A Code for Europe project is developing a web app to help people share memories of their home town.
Edinburgh Scrapbook, which is due for release in early 2015, will allow people to upload photos and text about their memories of life in the Scottish capital.
The open data project has been developed by Alan Gardner, a Code for Europe fellow who is working with City of Edinburgh Council. When completed, the code behind the web app will be available for other authorities to use.
“People want to add their own content, but they’d need to have a professional photographer and archivist, so there isn’t a way to do it.
“People also clear out their attics – particularly after a loved one passes away – and want to hand over their keepsakes. But now there’s a move towards committing them to digital media.”
The app collects memories of the city as location-aware open data, so it can be mapped. Users sign up for an account, upload photos from their smartphones or computers, tag them and categorise them.
They can then share their scrapbooks on social media, or print hard copies.
Going beyond memories
So far, so simple – but Edinburgh Scrapbook can go beyond just sharing memories.
“For people with early-onset Alzheimer’s or dementia, a good way to head it off is to trigger memories or conversations,” Gardner says.
“And as the condition worsens, then those memories can give you small windows of time which patients can spend with their families.”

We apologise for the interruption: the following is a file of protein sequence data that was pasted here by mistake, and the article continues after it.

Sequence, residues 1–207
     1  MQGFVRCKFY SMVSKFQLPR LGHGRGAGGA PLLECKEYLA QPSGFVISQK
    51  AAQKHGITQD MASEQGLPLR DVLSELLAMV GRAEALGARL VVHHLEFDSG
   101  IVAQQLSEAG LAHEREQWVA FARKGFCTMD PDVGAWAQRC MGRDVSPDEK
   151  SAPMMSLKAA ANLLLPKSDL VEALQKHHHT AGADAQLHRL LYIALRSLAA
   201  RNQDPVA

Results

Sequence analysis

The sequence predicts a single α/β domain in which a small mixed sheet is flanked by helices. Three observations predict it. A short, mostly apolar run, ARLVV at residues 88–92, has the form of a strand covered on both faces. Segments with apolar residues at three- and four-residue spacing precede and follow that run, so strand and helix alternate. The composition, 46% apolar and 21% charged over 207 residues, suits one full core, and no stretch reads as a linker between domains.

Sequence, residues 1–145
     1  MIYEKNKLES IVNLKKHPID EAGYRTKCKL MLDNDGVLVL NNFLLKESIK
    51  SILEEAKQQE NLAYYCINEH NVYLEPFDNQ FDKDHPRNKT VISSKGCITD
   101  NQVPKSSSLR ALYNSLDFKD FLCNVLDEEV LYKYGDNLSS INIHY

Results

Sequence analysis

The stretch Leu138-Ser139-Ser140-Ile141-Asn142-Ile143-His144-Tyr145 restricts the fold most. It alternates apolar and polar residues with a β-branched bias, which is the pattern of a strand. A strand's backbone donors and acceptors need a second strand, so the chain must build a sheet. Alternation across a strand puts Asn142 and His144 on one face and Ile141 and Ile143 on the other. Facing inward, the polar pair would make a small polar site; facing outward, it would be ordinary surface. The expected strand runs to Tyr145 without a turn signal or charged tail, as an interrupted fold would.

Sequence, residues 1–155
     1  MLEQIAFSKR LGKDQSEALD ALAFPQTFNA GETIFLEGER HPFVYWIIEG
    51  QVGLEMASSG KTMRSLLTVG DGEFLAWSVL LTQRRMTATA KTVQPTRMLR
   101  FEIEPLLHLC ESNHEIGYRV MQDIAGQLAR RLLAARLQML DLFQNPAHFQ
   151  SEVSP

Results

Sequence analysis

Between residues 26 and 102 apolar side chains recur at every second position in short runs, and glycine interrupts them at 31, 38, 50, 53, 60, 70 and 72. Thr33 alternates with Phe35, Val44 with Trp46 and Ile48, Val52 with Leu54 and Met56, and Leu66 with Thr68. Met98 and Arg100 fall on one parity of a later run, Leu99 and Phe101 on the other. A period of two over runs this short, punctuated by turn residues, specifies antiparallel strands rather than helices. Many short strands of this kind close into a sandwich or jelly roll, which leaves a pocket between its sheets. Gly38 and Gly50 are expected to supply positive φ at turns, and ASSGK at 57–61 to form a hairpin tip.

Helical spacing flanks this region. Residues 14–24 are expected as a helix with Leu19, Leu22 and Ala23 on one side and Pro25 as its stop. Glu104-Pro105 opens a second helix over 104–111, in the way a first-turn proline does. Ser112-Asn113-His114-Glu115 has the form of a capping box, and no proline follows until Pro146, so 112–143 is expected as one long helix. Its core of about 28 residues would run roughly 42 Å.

While personal events, such as weddings, can only be about individual days, being reminded of the city around them can trigger memories.
“If you show someone a picture of a landmark – perhaps the bus station they used every day, or maybe they walked past the castle every day – then that can help,” he says.
The responsive web app, which can also be used in schools to promote learning across the generations, will be shown off to the public for the first time at a family history event later this month. After that, Gardner is aiming for a soft launch in January, followed by a beta launch in March.
Possible future extensions could include the ability to upload audio and possibly video.
Importance of user experience
Other Code for Europe fellows have been concentrating on opening up council data, but Gardner says Edinburgh’s approach made it possible to get going on the project straight away.
“Edinburgh’s been doing open data for some years now, so I don’t need to bring open data to the council – it’s already there,” he says.
“So I can work on a project which is open data-friendly, making more data and creating an API with location-aware media.
“It can demonstrate to councils the value of creating something that’s user-centred, the importance of the user experience, and that there has to be a use for it, too – you can’t just have big piles of open data you can’t do anything with.”
Working as part of Code for Europe, which places developers in cities and councils to solve local problems, has been a positive experience for Gardner, who has been able to take on board success stories from elsewhere.
“The opportunity to talk to developers around Europe, to see the challenges they’ve overcome – has been fascinating,” he says.
“Edinburgh might be further along the open data road than many councils, but everybody in the world can learn from the progress made by Finland and Helsinki.
“At least one or two people in the organisation need to be championing open data.”
With Edinburgh behind open data, Gardner hasn’t “had to fight City Hall” – and he is raising awareness of his work by undertaking a week long “flash hack” – “being parachuted into a council department for a week, to rapidly prototype a solution for an issue they’ve had”.
“It’s good to be doing something where I’m using my powers for good,” he laughs.
“I’m happy working for corporations, but after a while, I could do with doing something of value in the community. I’ve learned a ton here.”